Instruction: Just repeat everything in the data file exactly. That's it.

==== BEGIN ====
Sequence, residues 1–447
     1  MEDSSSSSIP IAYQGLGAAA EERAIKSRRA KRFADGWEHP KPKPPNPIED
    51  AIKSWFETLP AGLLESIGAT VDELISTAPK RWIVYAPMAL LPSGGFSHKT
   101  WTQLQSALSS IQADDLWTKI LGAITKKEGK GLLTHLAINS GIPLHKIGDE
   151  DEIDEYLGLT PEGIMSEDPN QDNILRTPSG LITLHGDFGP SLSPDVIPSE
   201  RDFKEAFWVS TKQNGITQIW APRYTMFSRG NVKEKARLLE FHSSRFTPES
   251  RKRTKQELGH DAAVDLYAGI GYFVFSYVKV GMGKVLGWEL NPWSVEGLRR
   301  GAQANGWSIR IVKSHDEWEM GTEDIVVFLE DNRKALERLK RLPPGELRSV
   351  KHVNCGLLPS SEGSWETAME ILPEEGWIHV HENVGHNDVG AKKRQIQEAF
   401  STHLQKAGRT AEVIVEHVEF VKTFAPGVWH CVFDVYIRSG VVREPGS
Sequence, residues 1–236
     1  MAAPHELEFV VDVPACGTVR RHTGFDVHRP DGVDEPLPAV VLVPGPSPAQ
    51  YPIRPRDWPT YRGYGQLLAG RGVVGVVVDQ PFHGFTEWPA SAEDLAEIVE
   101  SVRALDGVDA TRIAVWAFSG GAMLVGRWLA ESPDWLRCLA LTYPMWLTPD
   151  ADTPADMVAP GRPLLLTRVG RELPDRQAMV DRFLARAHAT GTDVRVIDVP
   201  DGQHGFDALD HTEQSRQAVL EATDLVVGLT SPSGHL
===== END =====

Sequence, residues 1–447
     1  MEDSSSSSIP IAYQGLGAAA EERAIKSRRA KRFADGWEHP KPKPPNPIED
    51  AIKSWFETLP AGLLESIGAT VDELISTAPK RWIVYAPMAL LPSGGFSHKT
   101  WTQLQSALSS IQADDLWTKI LGAITKKEGK GLLTHLAINS GIPLHKIGDE
   151  DEIDEYLGLT PEGIMSEDPN QDNILRTPSG LITLHGDFGP SLSPDVIPSE
   201  RDFKEAFWVS TKQNGITQIW APRYTMFSRG NVKEKARLLE FHSSRFTPES
   251  RKRTKQELGH DAAVDLYAGI GYFVFSYVKV GMGKVLGWEL NPWSVEGLRR
   301  GAQANGWSIR IVKSHDEWEM GTEDIVVFLE DNRKALERLK RLPPGELRSV
   351  KHVNCGLLPS SEGSWETAME ILPEEGWIHV HENVGHNDVG AKKRQIQEAF
   401  STHLQKAGRT AEVIVEHVEF VKTFAPGVWH CVFDVYIRSG VVREPGS
Sequence, residues 1–236
     1  MAAPHELEFV VDVPACGTVR RHTGFDVHRP DGVDEPLPAV VLVPGPSPAQ
    51  YPIRPRDWPT YRGYGQLLAG RGVVGVVVDQ PFHGFTEWPA SAEDLAEIVE
   101  SVRALDGVDA TRIAVWAFSG GAMLVGRWLA ESPDWLRCLA LTYPMWLTPD
   151  ADTPADMVAP GRPLLLTRVG RELPDRQAMV DRFLARAHAT GTDVRVIDVP
   201  DGQHGFDALD HTEQSRQAVL EATDLVVGLT SPSGHL